The actual MV you choose will be governed mostly by where your bullet shoots the most accurately.... Anything between 800-1100 fps makes sense, but the closer you stay to 900, the less drift you will have to deal with.... Yes, the trajectory won't be as flat as if you push the bullet at 1050 fps, but gravity is a constant and can be allowed for by zeroing your scope.... The wind is anything BUT constant, so IMO you need all the help you can get....

Bob
« Last Edit: October 14, 2016, 08:56:38 PM by rsterne »


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rsterne

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Re: Velocity and Wind Drift
« Reply #1 on: October 15, 2016, 10:21:49 AM »
Here is a similar chart for a typical pellet at 50 yards....



Note the optimum MV is about 100 fps lower than the same BC at 200 yards, because the velocity won't decay as far with the shorter distance....

Bob


PS, I will unlock this topic so that you can ask questions and I will try and answer them to the best of my ability.... PLEASE STAY ON TOPIC or I will lock it to prevent clutter....
« Last Edit: November 16, 2016, 08:45:08 AM by rsterne »
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olddog

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Re: Velocity and Wind Drift
« Reply #2 on: November 30, 2016, 06:39:00 PM »
Bob;

Was that chart made with the GS drag model?  I'm having issues duplicating the numbers unless I use the GS drag model.

Thanks;
Mike
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rsterne

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Re: Velocity and Wind Drift
« Reply #3 on: November 30, 2016, 08:32:11 PM »
Which chart?.... The first one was made with G1, the second post, for pellets, I thought I had done using the GA profile.... but you're right, the drift is too much.... I'll redo it.... Here it is for JSB 18.1 gr. pellets at 50 yards, using a BC(GA) of 0.036, in a 10 mph wind....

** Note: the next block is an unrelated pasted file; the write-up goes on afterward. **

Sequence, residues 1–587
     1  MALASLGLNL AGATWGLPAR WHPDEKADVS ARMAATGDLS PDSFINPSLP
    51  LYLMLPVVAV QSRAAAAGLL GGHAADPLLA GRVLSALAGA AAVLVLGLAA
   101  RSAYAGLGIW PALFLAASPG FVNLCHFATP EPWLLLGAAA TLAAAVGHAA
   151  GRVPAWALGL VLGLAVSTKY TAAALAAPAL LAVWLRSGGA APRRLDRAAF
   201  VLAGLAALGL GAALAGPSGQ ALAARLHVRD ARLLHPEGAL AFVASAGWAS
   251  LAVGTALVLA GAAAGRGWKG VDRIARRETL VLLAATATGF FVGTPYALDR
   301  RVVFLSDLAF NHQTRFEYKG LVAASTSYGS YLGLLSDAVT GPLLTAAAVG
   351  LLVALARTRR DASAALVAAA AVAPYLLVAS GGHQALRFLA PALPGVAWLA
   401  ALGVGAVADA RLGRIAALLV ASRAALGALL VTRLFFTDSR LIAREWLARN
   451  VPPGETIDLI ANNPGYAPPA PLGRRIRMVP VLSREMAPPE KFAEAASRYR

It still goes through a minimum wind drift at 800-850 fps....

Bob
« Last Edit: November 30, 2016, 08:46:25 PM by rsterne »
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olddog

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Re: Velocity and Wind Drift
« Reply #4 on: December 01, 2016, 03:38:53 PM »
That minima you found at 850 is what I found interesting as well.  That's what had me making drift charts.

Thanks for the great information as always.  You have given me another point to ponder when I tweak the regulation of this Condor.
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rsterne

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Re: Velocity and Wind Drift
« Reply #5 on: December 01, 2016, 06:56:24 PM »
As you extend the range, the optimum muzzle velocity increases.... as you want the pellet to spend as much time in "low drag" mode as possible.... However, at 200 yards with a pellet the optimum is still only about 950 fps (see the BC = 0.05 on the first chart).... It depends on the pellet, of course, but the minimum drift at 100 yards would probably occur with a good pellet, like a JSB Exact, at around 900 fps.... One thing to remember is that the curve is pretty flat across the bottom, so going 50 fps higher than the absolute bottom won't change the drift much but will give you a flatter trajectory....

One thing that isn't taken into account in the GA drag model is that the drag increases faster than it predicts in the Transonic region (Mach 0.8-1.2).... Some measurements I have made indicate that at Mach 1 the GA model may underestimate the drag by 30-50%.... While this won't affect the middle of the curve, it will raise the right hand end.... ie the drift at 1100 fps will be significantly more than the graph shows.... All the more reason not to push over 1000 fps with pellets....  :o

Bob
« Last Edit: December 01, 2016, 06:58:15 PM by rsterne »